NAPLES, ITALY: Andy Murray saved four set points against Andreas Seppi in fading light to ensure that it is he who will return in front on Saturday morning as the unfinished second singles rubber of the Davis Cup by BNP Paribas quarterfinal between Great Britain and Italy resumes.
After Fabio Fognini had earlier given the hosts a 1-0 lead with a hard-fought 64 26 64 61 victory against James Ward in a tie which had its start delayed by more than two hours due to heavy rain, the day ended with Murray leading Seppi 64 5-5 after a drama-filled last game as the sun went down over the Tennis Club Napoli.
Murray and Seppi will return to the court at 10:30am local time (08:30am GMT) to resume their match, with the doubles rubber to start no more than two hours after the singles rubber concludes.
When Murray and Seppi started their match at around 5:40pm local time on Friday, both were aware that they were unlikely to finish proceedings before sunset on a clay court which was playing very slow after the wet conditions in the morning.
If Murray needed any reminder of how tough the heavy surface was to play on, it came in the second point of the match when he almost took a tumble over his ankle when pushed several metres behind the baseline.
However, the World No. 8 shrugged it off and gained confidence in his movement as the set went on, clinching the early break for 4-3 and then closing the set out with a trademark forehand pass.
Murray may have had slight hopes at this point of quickly winning the next two sets before darkness, they were quickly dashed as Seppi, ranked No. 34, did not crumble. Frustrations began to show from the British No 1 as he lost serve at 2-3 after a double fault and a netted backhand slice, although he later recovered the break for 4-4.
With light quickly fading, Murray was clearly unhappy about having to serve to stay in the set at 4-5, complaining that he could not see the ball. What followed was 16 minutes of drama. Murray saved four set points before he finally ended a remarkable game with a putaway volley. He could not have marched off the court quicker.
“Andy saving set points is really important for us moving into tomorrow,” said British captain Leon Smith. “It feels like Andy’s obviously in the driving set at a set up. He’s got a little bit more momentum going coming back from a break down. I feel good about it and very proud of how Andy handled the whole thing actually.”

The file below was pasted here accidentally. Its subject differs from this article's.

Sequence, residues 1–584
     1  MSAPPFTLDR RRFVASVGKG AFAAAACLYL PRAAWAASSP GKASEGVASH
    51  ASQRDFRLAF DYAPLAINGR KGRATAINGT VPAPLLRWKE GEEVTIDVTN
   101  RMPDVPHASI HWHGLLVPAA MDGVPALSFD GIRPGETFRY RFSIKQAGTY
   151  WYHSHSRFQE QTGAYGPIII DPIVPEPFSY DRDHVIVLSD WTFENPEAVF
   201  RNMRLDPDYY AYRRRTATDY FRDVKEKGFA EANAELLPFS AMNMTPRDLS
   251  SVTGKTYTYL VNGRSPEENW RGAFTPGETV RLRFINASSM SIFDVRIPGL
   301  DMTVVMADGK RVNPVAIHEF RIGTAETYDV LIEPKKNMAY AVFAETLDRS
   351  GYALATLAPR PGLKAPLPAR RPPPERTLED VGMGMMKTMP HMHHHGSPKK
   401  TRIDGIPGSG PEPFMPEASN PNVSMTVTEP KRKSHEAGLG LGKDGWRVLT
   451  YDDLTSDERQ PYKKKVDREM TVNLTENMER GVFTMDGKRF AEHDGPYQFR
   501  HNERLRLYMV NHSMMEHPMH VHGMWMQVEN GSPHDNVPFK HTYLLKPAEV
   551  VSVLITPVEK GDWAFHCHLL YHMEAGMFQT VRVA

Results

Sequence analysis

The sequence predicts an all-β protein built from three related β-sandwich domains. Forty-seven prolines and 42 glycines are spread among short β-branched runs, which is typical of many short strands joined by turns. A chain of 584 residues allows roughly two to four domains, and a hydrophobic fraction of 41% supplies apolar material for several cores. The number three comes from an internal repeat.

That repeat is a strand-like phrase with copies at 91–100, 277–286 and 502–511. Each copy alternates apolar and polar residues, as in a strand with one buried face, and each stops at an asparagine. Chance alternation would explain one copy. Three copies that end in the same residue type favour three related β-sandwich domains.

Considering pessimistic forecasts earlier in the day, it was a significant enough achievement to finish the opening rubber. There may be 148 places in the world rankings separating world No. 13 Fognini and Ward, ranked No. 161, but the British No. 2 yet again raised his game in this competition, providing a stiff challenge for his Italian opponent.
With the start of the match delayed, the players emerged to a court which was not in perfect condition after extensive work from the groundstaff to clear lying water. It seemed to distract Fognini in the early stages as he quickly went 3-0 down.
After some words from his captain Corrado Barattuzzi, Fognini focused on the task in hand and recovered the break at 33 before taking control of the rallies to break again and go on to take the first set.
Once again, however, his concentration dipped and Ward broke early in the second set. As Fognini showed his frustrations by slamming his racket into the ground, Ward was the more consistent player against his streaky opponent before breaking again for the set with a perfect drop shot.
Fognini was struggling physically at this point and took a medical timeout to have his rib area re-taped. The delay in play seemed to work in his favour as he came out and got the instant break as Ward hit wide. Despite facing a number of break points throughout the third set, he managed to continually hold before serving the set out with the serve and volley play before letting out a roar of relief.
The fourth set was plain sailing for the local favourite. An early break broke Ward’s spirit and Fognini raced through the remainder of the match, playing a nice drop volley to seal the win on his first match point to clinch victory in three hours and nine minutes.
“I feel a little bit tired but that’s normal,” said Fognini. “I had one week off after Miami for this pain. Hopefully everything is going to be in the good way. I will try to recover 100 per cent and if not, for sure I am not going to risk myself.”
If Fognini does decide he is feeling up to it, Barattuzzi will field him alongside Simone Bolelli for the doubles rubber. Colin Fleming will be one of the British players across the net, but Smith will not decide on whether to partner him with Murray or Ross Hutchins until the conclusion of the second rubber.
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Captain Corrado Barazzutti (ITA) - 04/04/2014
Fabio Fognini (ITA) - 04/04/2014
Captain Leon Smith (GBR) - 04/04/2014